Total RNA was extracted from throat swabs with the FastPrep FP 120 kit (Qbiogene, Carlsbad, Calif.) by immersing the swab tips directly into the FastPrep Blue tubes containing 300 μl of 5 mM ammonium aurintricarboxylate, 500 μl of CRSR-Blue (Qbiogene), and 500 μl of acid phenol-chloroform (5:1, pH 4.5; Ambion, Austin, Tex.). The mixture was homogenized (80 s at speed 5), heated at 65°C for 20 min, and centrifuged at 16,000 × g for 15 min. The aqueous phase was collected, 250 μg of glycogen (Roche Applied Science, Indianapolis, Ind.) was added, and the mixture was concentrated to 100 μl with a vacuum concentrator (Eppendorf). The concentrate was purified by using the Qiagen RNeasy kit (Qiagen, Valencia, Calif.) according to the manufacturer's protocol (Qiagen). Contaminating DNA was removed by DNase I treatment (DNA-free; Ambion). To ensure that contaminating DNA was absent, an aliquot of RNA from each sample was subjected to 40 cycles TaqMan real-time PCR for the proS gene. All swabs analyzed yielded a PCR product for the proS gene when the proS primers were tested against cDNA synthesized from the purified swab RNAs, indicating that the proS gene primer sites were conserved in all GAS strains. The RNA was treated with DNase I (Ambion) until no signal was detected by TaqMan real-time reverse transcription-PCR (RT-PCR) by using the conserved proS gene as a target. None of the GAS primers (Table ) cross-hybridized to cDNAs synthesized from RNA made from the oral flora present in the monkeys (data not shown).
TaqMan real-time RT-PCR primers, probes, and their sequences
TaqMan real-time PCR assay.
The sequences of the primers and probes used in the present study are listed in Table . The Superscript II Choice system (Invitrogen, Carlsbad, Calif.) was used for cDNA synthesis as described by the manufacturer. RNA purified from each swab was divided into four aliquots, to which 0.8 μg of bacteriophage MS2 carrier RNA (Roche) was added to each aliquot, and reverse transcribed with 1.5 μg of random hexamer primers at 42°C for 1 h. The cDNA samples were treated with RNase H−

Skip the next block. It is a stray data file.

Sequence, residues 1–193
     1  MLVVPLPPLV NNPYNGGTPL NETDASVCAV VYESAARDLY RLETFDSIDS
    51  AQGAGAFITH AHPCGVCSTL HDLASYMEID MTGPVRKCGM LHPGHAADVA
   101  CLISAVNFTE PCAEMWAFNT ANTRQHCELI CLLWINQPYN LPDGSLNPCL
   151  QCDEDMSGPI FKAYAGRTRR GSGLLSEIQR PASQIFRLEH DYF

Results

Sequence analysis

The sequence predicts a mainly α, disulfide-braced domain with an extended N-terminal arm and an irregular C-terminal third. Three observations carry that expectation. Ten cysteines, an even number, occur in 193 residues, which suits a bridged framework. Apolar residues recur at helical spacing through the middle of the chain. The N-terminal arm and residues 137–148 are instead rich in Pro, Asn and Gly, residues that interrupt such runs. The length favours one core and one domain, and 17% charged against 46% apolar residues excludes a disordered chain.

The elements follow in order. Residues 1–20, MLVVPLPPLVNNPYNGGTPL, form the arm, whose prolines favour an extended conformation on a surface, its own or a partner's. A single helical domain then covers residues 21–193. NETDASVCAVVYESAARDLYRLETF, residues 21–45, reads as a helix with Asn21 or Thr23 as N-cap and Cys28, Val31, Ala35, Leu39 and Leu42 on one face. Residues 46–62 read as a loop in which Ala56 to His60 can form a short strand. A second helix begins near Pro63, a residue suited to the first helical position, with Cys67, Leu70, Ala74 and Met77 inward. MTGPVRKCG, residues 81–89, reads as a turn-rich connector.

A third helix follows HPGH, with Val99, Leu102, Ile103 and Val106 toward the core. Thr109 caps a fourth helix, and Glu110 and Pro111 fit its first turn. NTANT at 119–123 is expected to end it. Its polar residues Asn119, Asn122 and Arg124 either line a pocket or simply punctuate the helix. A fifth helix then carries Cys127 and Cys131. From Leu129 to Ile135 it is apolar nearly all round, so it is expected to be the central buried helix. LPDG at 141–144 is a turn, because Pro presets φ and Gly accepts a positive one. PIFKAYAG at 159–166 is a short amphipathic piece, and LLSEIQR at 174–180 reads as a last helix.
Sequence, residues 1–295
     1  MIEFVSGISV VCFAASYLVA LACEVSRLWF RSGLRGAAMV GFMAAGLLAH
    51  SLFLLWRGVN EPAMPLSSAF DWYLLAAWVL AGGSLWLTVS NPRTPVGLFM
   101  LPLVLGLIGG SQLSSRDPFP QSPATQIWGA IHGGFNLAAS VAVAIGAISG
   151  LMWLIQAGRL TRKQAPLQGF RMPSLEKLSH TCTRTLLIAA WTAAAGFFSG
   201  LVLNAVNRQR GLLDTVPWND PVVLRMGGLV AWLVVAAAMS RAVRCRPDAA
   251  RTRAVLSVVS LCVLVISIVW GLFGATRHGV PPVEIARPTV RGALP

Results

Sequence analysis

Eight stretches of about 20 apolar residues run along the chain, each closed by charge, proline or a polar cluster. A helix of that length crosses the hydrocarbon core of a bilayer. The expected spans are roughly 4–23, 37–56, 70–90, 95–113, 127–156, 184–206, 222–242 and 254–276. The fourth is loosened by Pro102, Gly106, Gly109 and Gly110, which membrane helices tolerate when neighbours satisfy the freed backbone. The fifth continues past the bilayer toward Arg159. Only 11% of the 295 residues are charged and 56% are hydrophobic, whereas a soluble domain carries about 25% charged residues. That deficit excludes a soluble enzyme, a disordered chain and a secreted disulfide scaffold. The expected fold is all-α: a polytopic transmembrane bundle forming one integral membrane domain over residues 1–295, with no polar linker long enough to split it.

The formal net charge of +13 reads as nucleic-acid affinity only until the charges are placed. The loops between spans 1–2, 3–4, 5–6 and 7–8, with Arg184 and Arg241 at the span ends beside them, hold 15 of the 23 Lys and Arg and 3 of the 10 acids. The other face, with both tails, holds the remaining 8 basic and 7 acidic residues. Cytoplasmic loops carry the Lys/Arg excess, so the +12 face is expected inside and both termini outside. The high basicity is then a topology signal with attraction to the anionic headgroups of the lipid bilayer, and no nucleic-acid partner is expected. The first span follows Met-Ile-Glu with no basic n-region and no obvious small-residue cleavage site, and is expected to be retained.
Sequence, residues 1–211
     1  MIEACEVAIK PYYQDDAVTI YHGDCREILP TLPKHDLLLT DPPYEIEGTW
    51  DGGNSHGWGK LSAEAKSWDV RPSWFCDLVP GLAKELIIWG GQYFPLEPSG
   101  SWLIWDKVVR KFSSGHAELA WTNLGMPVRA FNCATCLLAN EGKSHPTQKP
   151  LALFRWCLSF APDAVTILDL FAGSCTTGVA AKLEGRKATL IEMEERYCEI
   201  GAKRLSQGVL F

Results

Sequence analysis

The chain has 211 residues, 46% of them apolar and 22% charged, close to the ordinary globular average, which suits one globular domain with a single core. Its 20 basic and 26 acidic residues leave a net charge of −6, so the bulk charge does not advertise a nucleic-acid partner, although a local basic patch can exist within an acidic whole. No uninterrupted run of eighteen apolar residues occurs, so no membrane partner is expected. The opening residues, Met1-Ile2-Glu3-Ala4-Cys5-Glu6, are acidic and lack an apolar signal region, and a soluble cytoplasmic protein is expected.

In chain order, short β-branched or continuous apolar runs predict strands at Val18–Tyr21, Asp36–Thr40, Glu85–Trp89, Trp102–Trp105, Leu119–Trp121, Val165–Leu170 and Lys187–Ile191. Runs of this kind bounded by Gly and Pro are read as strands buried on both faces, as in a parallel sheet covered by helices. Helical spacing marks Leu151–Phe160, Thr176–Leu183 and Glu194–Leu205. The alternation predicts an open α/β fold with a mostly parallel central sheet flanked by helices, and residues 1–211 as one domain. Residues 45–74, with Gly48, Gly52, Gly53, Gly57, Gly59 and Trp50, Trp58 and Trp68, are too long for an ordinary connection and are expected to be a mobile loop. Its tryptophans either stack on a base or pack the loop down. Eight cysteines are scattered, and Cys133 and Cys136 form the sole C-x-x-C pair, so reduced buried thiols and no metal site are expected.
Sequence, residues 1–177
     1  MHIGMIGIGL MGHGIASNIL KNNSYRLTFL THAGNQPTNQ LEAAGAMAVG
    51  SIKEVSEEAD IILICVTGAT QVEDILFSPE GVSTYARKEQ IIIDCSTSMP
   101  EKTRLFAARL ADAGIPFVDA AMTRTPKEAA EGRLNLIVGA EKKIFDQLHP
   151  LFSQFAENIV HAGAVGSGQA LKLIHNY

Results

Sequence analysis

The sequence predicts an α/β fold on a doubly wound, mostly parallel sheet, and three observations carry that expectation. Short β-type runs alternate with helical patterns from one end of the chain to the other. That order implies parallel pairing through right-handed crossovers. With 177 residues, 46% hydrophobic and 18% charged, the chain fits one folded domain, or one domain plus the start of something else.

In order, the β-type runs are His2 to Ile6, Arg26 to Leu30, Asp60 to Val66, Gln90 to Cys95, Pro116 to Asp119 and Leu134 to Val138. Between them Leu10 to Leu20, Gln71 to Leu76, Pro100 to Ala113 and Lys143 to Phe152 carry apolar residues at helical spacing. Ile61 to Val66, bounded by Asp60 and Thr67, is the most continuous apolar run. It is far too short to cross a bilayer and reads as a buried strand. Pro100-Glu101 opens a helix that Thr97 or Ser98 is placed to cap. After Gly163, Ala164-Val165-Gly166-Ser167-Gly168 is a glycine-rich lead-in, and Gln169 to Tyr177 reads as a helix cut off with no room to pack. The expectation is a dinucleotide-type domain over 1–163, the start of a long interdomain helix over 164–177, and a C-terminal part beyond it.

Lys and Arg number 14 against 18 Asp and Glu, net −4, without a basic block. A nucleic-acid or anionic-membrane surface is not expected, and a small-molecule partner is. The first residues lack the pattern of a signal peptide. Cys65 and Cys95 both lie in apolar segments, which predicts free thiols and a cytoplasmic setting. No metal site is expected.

(Invitrogen) for 1 h and diluted with water to 100 μl. TaqMan 5′ nuclease real-time PCR assays (Applied Biosystems, Foster City, Calif.) were carried out in a 384-well format with an 7900HT instrument (Applied Biosystems) in 10-μl reactions containing 1× universal master mix, 100 nM 6-carboxy-4′5′-dichloro-2′7′-dimethylfluorescein (JOE) and QSY-7 labeled putative prolyl-tRNA synthetase (proS
, Spy1962; Table ), 200 nM concentrations of target forward and reverse primers, and 100 nM concentrations of the target TaqMan oligonucleotide for 50°C for 2 min and 95°C for 10 min and then for 40 cycles of 95°C for 15 s and 60°C for 1 min. All TaqMan oligonucleotide probes were labeled with 6-carboxyfluorescein (6-FAM) at the 5′ end and the quencher carboxytetramethylrhodamine (TAMRA) at the 3′ end. The comparative CT
method was used to determine the ratio of target and endogenous control (Applied Biosystems) as described previously (16
Characterized or putative GAS regulatory and virulence genes analyzed in vivo
Measurement of antibody response by the nonhuman primates to GAS protein antigens.
Antibody titers to streptococcal inhibitor of complement (Sic; Spy2016), a GAS homolog of Listeria monocytogenes internalin A (InlA; Spy1361), and streptolysin O (SLO; Spy0167) were measured by enzyme-linked immunosorbent assay (ELISA). Sic and InlA were purified at Rocky Mountain Laboratories, and SLO was purchased from Sigma (St. Louis, Mo.). Sic and InlA were diluted to 2.5 μg/ml in buffer (0.05 M Tris, pH 7.5; 0.15 M NaCl), and SLO was diluted to 10 μg/ml. Microtiter plates (Immulon-2; Dynex Technologies, Inc., Chantilly, Va.) were coated (100 μl) overnight at 4°C, washed with washing buffer (0.05 M Tris, pH 7.5; 0.15 M NaCl; 0.5% Tween 20), and blocked with 2% bovine serum albumin in washing buffer for 2 h at 37°C. After the washing step, 100 μl of plasma was serially diluted in washing buffer with 2% bovine serum albumin and added to the wells, and the mixtures were incubated at 37°C for 1 h. Plates were washed again, and a 1:500 dilution of 100 μl of alkaline phosphatase-labeled goat anti-monkey immunoglobulin G (Rockland, Gilbertsville, Pa.) was added to the wells, followed by incubation for 1 h at 37°C, and 100 μl of substrate (p-nitrophenyl phosphate; Zymed, South San Francisco, Calif.) was added. The absorbance at 405 nm was measured with an ELISA reader (Dynex Technologies, Inc.). ELISA titers are expressed as the reciprocal of plasma dilutions giving an absorbance threshold value of ≥0.3. Preinoculation plasma was used as a negative control, and the ELISA absorbance value of this sample was <0.1.